It couldn't truly be said that the girls were sisters; memories of their entangled lives reached back no further than The Final War, as is true with all the straggling handful of survivors. The biological warfare that ravaged the planet was the result of growing tension between governments who had sought to annihilate each other, and perhaps in some aspects they succeeded. Those who lived through the horrors they had witnessed were not survivors, not really; that word invokes the image of grizzled youths fighting for their lives against forces they were prepared to combat, and no one had been prepared for this. The devastation was not meant to be survived. Even the officials in their bunkers had been found dead within 48 hours. It was a genetic mutation that saved the remaining humans, and those who were left seemed to sort of wander around in a daze, waiting to starve to death or remembering, as if hallucinating, the lives they'd lost.
The girls had abandoned names when they found each other. They referred to each other as "sister," a barely-remembered word that was almost lost with the rest of their memories. They wandered, day in and day out, living in a realm between reality and fantasy. They knew no age, no status, yet they clung to bits of propriety that were remembered more as habits than necessities; the elder still laced her corset every morning, and the younger tied her bonnet's ribbons under her chin as if anyone were still there to care.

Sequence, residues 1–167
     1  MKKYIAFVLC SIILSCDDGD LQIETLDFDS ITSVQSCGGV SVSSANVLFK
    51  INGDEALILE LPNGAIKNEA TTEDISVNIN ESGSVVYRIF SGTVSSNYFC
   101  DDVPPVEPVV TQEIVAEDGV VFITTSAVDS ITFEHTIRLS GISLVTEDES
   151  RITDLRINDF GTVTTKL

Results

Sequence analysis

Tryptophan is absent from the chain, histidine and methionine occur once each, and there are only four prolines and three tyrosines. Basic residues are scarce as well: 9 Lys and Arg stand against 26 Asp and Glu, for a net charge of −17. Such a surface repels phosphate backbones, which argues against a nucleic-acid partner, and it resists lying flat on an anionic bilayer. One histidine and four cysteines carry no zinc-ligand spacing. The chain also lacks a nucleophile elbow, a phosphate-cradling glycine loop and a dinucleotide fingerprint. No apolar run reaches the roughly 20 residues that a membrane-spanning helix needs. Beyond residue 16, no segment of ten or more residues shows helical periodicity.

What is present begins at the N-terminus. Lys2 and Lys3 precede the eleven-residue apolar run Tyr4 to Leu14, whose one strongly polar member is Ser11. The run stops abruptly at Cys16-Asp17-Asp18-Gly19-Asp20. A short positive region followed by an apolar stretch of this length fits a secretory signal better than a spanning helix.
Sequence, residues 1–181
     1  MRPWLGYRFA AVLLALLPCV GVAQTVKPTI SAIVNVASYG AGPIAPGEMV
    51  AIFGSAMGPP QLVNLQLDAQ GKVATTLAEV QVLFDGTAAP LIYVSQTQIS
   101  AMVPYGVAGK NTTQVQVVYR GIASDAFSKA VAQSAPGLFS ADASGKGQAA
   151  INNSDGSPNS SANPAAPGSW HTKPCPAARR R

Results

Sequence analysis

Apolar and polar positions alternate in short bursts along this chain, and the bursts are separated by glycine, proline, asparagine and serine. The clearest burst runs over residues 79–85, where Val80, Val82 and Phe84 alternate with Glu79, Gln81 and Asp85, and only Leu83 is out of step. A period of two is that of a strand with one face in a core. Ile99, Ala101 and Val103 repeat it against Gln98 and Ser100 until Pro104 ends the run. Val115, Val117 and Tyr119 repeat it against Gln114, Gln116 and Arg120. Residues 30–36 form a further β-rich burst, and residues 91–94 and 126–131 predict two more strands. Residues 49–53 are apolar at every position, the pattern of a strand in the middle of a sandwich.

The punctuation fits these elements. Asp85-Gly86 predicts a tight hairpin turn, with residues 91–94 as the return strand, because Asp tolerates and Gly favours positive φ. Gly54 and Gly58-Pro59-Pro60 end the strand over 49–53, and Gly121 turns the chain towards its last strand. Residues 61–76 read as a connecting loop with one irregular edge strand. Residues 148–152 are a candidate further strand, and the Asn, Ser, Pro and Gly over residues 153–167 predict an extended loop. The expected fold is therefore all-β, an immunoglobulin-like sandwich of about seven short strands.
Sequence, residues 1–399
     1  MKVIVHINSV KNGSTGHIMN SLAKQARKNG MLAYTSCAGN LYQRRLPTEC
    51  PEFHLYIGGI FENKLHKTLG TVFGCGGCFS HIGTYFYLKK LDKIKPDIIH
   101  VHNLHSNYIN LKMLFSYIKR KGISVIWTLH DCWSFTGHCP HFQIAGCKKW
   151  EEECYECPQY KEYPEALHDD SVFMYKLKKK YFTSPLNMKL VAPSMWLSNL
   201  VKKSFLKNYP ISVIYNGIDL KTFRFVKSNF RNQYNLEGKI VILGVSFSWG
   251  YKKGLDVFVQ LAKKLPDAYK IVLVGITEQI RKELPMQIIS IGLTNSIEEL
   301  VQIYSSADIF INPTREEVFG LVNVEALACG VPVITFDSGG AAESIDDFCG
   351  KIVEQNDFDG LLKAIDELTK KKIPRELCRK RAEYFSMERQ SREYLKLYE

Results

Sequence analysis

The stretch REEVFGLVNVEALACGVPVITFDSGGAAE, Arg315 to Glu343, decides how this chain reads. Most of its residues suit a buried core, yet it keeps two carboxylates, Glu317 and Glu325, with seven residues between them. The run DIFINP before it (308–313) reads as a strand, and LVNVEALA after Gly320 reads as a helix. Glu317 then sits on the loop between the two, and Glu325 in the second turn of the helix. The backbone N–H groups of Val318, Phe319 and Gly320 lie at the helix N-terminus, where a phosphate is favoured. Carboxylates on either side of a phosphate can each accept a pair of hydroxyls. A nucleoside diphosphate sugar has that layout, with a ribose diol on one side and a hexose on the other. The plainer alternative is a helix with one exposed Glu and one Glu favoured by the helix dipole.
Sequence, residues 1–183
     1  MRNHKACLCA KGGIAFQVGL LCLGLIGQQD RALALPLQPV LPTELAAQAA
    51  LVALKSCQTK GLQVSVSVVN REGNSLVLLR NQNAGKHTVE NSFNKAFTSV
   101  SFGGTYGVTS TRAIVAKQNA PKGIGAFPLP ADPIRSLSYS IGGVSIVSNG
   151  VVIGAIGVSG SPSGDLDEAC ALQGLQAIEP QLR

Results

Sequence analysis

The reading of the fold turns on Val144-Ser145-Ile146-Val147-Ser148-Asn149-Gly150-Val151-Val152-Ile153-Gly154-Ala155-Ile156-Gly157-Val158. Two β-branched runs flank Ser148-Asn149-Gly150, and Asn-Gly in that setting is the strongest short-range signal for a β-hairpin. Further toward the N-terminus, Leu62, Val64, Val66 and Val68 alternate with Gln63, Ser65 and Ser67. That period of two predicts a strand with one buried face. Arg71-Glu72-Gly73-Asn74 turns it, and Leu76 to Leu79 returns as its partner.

On the first sunny morning after the attack, a half-remembered word flitted through their minds. They couldn't quite grasp it, but it was there, whispering seductively around every stream of sunlight on their skin, demanding attention. The sisters followed it through the trees, half-catching it and losing it again with every step, until they came upon the field. Something sparked when they saw the picnic basket, but it was the hoop for which a name produced itself. The elder touched it with the reverence of an ancient artifact and breathed the word "Toy," the only name she could grasp onto of all those vague remembrances flashing behind her eyes. She could remember nothing: only the dance.
As the sisters passed the abandoned basket between their fingers, they couldn't help feeling like something had fallen into place. There was something here, they could tell, some link to a past that was feeling more and more distant every day. Perhaps they somehow knew the truth, that this picnic had been set out for them in the days when they had someone who cared enough to give them pleasant things. As they passed the basket between them, the younger smiled up at her older sister and whispered that elusive word that had so often escaped them.